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    Review of THE GATHERING STORM by Kate Elliott (see her website)


    Daw Books, February 2004

    Review by Jennifer Vilches

    The land of the elf-like Aoi was cast out from the earth into the aether with powerful spells in the distant past. Now the time for its return is fast approaching, and a cabal of sorcerers is determined to do anything necessary to ensure that the spell is renewed to keep the Aoi away, including controlling King Henry via possession. Prince Sanglant has led his army to the far lands of the griffins and centaurs to find allies with the necessary magic to free his father and confront the cabal led by Skopos Anne. After a long absence (that seemed quite short to her), Sanglant's wife Liath returns from the aether with new knowledge about her magical heritage and a grim determination to stop Anne's disastrous plan. But time grows short, and the political chaos that has descended on Henry's kingdoms makes everything more difficult. Wendar and Varre are falling apart under bickering rivals as he is off pursuing conquests in other lands. This leaves a door open for the lizard-like Eika invasion led by Stronghand - who plans not to raid and plunder, but to rule. Stronghand has a secondary mission as well, one that just might hold the key to surviving the coming cataclysm: to find the much-persecuted Alain now that their strange psychic bond has returned.

    THE GATHERING STORM is the fifth volume of author Kate Elliott's wrist-bending Crown of Stars fantasy series. It is not a stand-alone read; new readers will definitely want to start at the beginning with the first book, KING'S DRAGON. Fans of the series might want to skim through previous books before diving into this one, because there's not much in the way of a recap provided. I'm not a novice at reading long fantasy series, but it had been a year or so since I read the fourth book, CHILD OF FLAME (buy it), and I was feeling a little lost among the multitude of story lines.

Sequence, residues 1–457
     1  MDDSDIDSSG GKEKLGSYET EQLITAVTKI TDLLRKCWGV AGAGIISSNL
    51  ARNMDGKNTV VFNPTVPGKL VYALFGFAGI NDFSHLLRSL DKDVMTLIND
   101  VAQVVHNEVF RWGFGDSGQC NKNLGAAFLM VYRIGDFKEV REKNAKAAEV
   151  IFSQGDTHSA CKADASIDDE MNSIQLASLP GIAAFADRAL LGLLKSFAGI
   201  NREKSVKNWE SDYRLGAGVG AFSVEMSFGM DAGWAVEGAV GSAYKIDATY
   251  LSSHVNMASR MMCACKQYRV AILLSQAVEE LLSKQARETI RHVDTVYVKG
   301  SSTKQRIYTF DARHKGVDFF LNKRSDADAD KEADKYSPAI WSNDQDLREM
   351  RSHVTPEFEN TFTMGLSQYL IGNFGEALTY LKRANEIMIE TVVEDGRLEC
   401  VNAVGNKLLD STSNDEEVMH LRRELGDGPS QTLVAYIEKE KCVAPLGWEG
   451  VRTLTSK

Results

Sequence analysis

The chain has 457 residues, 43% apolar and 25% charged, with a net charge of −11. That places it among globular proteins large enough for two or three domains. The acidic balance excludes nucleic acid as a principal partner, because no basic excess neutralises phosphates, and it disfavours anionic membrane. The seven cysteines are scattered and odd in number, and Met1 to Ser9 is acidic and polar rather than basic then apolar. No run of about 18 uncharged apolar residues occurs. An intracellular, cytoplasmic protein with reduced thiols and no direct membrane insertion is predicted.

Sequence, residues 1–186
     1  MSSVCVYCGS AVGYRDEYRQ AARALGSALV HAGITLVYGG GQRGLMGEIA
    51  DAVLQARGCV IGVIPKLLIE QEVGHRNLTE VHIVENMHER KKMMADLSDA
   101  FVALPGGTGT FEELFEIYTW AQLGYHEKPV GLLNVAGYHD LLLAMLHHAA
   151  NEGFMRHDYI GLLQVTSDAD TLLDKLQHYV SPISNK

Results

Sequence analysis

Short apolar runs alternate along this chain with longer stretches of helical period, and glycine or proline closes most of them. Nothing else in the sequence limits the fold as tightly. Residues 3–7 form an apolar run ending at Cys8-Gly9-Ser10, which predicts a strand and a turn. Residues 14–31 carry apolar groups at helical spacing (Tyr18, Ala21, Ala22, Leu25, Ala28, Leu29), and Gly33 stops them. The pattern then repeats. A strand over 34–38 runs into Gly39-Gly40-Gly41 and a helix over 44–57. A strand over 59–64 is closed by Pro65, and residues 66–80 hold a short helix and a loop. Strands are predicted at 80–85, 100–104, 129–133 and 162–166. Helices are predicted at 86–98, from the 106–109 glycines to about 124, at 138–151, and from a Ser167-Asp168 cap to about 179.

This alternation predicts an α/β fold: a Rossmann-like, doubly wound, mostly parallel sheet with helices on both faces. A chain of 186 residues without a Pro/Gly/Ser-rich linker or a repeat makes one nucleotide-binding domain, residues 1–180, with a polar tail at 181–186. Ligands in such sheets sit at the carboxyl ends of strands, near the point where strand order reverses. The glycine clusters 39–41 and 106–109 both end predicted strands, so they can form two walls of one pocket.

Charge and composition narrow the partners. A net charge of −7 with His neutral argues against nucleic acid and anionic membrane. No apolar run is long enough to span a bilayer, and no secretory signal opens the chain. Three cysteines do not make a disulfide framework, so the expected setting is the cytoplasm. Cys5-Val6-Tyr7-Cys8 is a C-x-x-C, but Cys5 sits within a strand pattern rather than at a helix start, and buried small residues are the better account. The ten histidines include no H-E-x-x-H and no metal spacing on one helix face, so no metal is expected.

This is a fascinatingly complex world, complete with religions, magic systems, and several different races of beings. Elliott could easily write other books set in this world without exhausting its possibilities. In fact, there is so much detail and such a large cast that at times it gets a little overwhelming to keep track of, especially without a character guide. It's also hard to see the significance of some of the minor plot threads and while they might make more sense in the sixth and final book, I found myself getting a little bored with some of them. Elliott has generally done very well in developing complex main characters in this series - both heroes and villains have mixed character traits and motivations. But while a couple of the characters develop and grow in this book, several of the other main characters seem to regress into shallowness.

    Long series tend to get a bit bloated as they progress, and at almost a thousand pages, this is no exception. However, for the most part the plot advances steadily along without bogging down. But after such a long, patient build-up, the climax feels rushed. Still, all in all, I would recommend this imaginative and complex series to fantasy readers who aren't daunted by hefty, multi-volume series.

    Three Stars

    Reviewed 8/01/04

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